Search results

You are looking at 11 - 17 of 17 items for :

  • Refine by access: All content x
Clear All
Martin Joormann

, is the most modern citizenship-by-investment program. The IIP is one of the most exclusive citizenship-by-investment portfolios worldwide. It offers clients the opportunity to acquire citizenship in a country that has one of the strongest, most stable economies of the EU and Eurozone. … The combined upfront financial requirement, including applicable government charges and citizenship application fees, is just under EUR 900,000. These costs will increase slightly depending on the family size. (Henley & Partners, 2019) At the time of writing, there are no IIPs for

in Refugees and the violence of welfare bureaucracies in Northern Europe
Abstract only
Dimitris Dalakoglou

Mediterranean countries of Western Europe relied on this new labor to gain acceptance into the Eurozone. This is clearly evident in Greece, where Albanian migrants bolstered the economy and (unexpectedly) allowed the country to meet the qualification criteria (see Katsoridas 2003). It is possible to claim that, after 1990, Europe saw the largest production and renewal of the built environment since the reconstruction following WWII. Consider, for example, the reconstruction of East Berlin; the mass building of summer houses in Spain; Dublin’s new satellite “suburbs” (now

in The road
Annamaria Simonazzi

nature of institutions has been at the centre of Jill Rubery’s research (Bosch, Lehndorff and Rubery, 2009: 2). The possibility of spillover or domino effects from employment to welfare, family and the production spheres increases the scope of change and suggests the need for a multifaceted approach involving macroeconomic, labour and social reproduction objectives (Rubery, 2015). The Eurozone crisis has rekindled the debate on how to respond to shortand long-term change and to the hardships that it produces. The countries worse hit by the sovereign debt crises, in

in Making work more equal
Tara, the M3 and the Celtic Tiger
Conor Newman

knowledge of the past were undermined by utilitarianism and a fundamentally flawed model of modernity and of twenty-first-century Ireland. This chapter considers some of the circumstances that permitted a motorway to be built through such a historic landscape. It argues that its context was the illusion of an ahistorical, of-the-moment modernity that arose during a ‘perfect storm’ when the sudden availability of cheap money from the creation of the Eurozone encountered a political landscape of soft regulation, clientelism and ideological torpor; in short, an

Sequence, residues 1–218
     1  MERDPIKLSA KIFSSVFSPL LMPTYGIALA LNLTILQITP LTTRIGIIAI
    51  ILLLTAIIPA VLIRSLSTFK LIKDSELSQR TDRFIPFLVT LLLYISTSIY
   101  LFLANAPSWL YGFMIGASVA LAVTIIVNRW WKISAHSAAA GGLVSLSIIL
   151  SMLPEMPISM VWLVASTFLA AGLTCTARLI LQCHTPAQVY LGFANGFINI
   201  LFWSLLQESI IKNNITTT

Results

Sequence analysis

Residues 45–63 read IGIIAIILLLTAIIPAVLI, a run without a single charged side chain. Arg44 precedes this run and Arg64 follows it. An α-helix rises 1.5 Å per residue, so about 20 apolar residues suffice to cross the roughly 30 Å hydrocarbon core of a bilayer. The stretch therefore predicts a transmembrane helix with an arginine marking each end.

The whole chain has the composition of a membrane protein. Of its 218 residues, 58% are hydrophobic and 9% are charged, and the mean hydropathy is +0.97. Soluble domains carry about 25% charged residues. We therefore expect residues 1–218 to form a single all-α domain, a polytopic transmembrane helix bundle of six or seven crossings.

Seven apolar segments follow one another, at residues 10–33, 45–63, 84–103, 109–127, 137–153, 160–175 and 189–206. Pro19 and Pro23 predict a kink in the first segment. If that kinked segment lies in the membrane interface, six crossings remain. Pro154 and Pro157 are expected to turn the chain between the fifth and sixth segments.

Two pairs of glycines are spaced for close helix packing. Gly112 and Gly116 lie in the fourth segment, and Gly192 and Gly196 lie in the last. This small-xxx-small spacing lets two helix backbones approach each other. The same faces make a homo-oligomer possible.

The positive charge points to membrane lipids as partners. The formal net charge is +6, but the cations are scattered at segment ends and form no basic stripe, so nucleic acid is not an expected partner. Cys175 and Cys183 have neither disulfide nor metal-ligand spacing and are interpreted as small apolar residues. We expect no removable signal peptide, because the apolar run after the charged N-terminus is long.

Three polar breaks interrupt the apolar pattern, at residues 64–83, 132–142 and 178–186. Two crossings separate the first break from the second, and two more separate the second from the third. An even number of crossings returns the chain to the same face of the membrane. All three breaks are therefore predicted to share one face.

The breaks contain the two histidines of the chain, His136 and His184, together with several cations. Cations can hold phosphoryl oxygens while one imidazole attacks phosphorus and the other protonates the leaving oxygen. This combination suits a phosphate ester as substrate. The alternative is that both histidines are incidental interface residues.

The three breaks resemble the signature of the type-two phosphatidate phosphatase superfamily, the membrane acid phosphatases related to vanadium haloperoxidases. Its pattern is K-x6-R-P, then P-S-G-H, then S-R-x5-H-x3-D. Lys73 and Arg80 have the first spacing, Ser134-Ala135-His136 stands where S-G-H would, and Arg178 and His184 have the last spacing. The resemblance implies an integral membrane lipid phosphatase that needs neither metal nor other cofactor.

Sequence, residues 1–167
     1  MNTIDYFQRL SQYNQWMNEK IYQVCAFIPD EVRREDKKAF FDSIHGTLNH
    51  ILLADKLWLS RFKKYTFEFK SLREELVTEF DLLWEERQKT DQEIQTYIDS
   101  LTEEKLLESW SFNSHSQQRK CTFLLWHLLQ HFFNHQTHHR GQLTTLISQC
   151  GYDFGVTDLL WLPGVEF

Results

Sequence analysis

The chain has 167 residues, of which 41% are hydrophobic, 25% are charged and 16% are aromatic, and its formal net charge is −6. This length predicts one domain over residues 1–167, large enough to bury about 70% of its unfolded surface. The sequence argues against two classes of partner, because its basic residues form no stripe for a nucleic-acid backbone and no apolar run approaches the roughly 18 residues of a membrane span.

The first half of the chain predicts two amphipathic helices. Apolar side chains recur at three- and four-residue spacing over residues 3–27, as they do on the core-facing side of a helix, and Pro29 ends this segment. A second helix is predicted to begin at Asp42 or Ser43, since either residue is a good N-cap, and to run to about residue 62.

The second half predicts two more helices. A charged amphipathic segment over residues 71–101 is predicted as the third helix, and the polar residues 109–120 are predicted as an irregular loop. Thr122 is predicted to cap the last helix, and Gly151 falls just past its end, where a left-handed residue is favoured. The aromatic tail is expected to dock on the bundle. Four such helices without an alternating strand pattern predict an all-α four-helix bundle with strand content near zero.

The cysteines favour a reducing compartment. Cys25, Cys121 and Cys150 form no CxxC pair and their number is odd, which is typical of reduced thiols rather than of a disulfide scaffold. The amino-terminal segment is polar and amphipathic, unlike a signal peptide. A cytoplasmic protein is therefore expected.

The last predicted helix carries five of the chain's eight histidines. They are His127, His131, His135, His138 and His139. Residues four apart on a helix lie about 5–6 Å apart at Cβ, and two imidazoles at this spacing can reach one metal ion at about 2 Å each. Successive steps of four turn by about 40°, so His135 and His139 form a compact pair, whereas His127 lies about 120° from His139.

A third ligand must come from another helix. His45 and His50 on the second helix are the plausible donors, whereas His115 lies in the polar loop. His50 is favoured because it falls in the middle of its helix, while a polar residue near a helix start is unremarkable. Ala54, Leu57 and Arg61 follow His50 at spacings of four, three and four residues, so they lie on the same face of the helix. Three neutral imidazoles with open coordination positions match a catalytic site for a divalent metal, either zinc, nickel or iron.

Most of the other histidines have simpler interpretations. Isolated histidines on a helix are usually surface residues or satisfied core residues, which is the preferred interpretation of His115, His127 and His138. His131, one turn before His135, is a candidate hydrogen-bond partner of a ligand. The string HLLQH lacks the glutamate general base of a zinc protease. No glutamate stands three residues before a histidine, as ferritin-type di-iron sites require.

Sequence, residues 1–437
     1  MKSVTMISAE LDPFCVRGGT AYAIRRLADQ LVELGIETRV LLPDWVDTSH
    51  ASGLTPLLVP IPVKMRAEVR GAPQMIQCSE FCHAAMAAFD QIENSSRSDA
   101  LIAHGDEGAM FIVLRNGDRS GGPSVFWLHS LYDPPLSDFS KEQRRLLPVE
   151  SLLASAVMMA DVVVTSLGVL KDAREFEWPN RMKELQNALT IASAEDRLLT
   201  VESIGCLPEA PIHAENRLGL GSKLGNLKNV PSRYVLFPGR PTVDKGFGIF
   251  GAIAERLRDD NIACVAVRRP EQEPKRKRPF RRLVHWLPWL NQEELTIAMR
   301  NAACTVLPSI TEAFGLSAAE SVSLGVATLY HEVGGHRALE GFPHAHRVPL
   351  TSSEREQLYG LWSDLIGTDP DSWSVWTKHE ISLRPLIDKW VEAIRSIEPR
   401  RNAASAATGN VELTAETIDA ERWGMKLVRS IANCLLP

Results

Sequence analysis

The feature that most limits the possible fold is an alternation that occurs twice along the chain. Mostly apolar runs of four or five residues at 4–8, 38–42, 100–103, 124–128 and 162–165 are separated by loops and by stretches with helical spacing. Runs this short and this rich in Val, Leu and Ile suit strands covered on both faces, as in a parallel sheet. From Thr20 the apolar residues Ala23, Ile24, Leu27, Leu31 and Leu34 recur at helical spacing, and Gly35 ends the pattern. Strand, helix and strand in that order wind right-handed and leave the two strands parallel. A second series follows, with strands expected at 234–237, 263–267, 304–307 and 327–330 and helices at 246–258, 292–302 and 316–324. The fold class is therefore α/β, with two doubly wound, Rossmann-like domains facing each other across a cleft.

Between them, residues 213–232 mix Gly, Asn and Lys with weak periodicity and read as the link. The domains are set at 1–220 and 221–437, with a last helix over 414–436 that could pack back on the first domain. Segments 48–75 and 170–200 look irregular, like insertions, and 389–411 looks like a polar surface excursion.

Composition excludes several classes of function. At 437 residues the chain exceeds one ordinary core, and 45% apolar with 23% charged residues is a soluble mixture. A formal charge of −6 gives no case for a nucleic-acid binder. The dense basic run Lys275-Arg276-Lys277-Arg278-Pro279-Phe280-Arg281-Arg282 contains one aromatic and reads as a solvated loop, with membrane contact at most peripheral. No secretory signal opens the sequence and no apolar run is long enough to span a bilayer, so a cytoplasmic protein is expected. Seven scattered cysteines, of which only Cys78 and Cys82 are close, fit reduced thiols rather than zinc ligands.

in Defining events
Abstract only
The bank guarantee and Ireland’s financialised neo-liberal growth model
Fiona Dukelow

market-friendly governance’ (Peck, 2010b :7). They came with major costs from which the market was shielded. A rapid turn to retrenchment followed in almost all other areas of state expenditure (for early examples, see Chapters 10 and 11 ). After Greece, Ireland’s fiscal adjustments of 18 per cent of GDP between 2008 and 2014 are the largest in the Eurozone. In the post-crisis neo-liberal orthodoxy Ireland is upheld as a country redeeming itself of its reckless past with pain and determination, bearing ‘proof’ of austerity as ‘growth friendly fiscal consolidation

in Defining events
Josef W. Konvitz

crisis, whether about taxation, immigration and the national debt in the United States and the United Kingdom, or about structural reform, banking regulation and austerity in the Eurozone. Countries with their own currencies (Sweden, the United States, the United Kingdom) are as polarized as countries which share a currency (Spain, France, Finland, Germany). The long decline in the level of trust in government has sunk to new levels. To summarize, states are worse off than before: they face the bill to repair the damage measured in deferred education, lost experience

in Cities and crisis
Abstract only
Saskia Huc-Hepher

microaggressions for a more nuanced assessment (Huc-Hepher, 2019 ). 3 I favour this terminology over the usual ‘online/offline’ dichotomy, which, I consider, illogically prioritises digital practices. 4 This is somewhat unexpected given the visible presence of well-established Italian (see Scotto, 2010 and Sprio, 2013 ) and Spanish communities in London. The figures may, therefore, be suggestive of a phenomenon of first-generation return migration (the intent of many), coinciding with euro-zone growth at the turn of the twenty-first century (leading to increased

in French London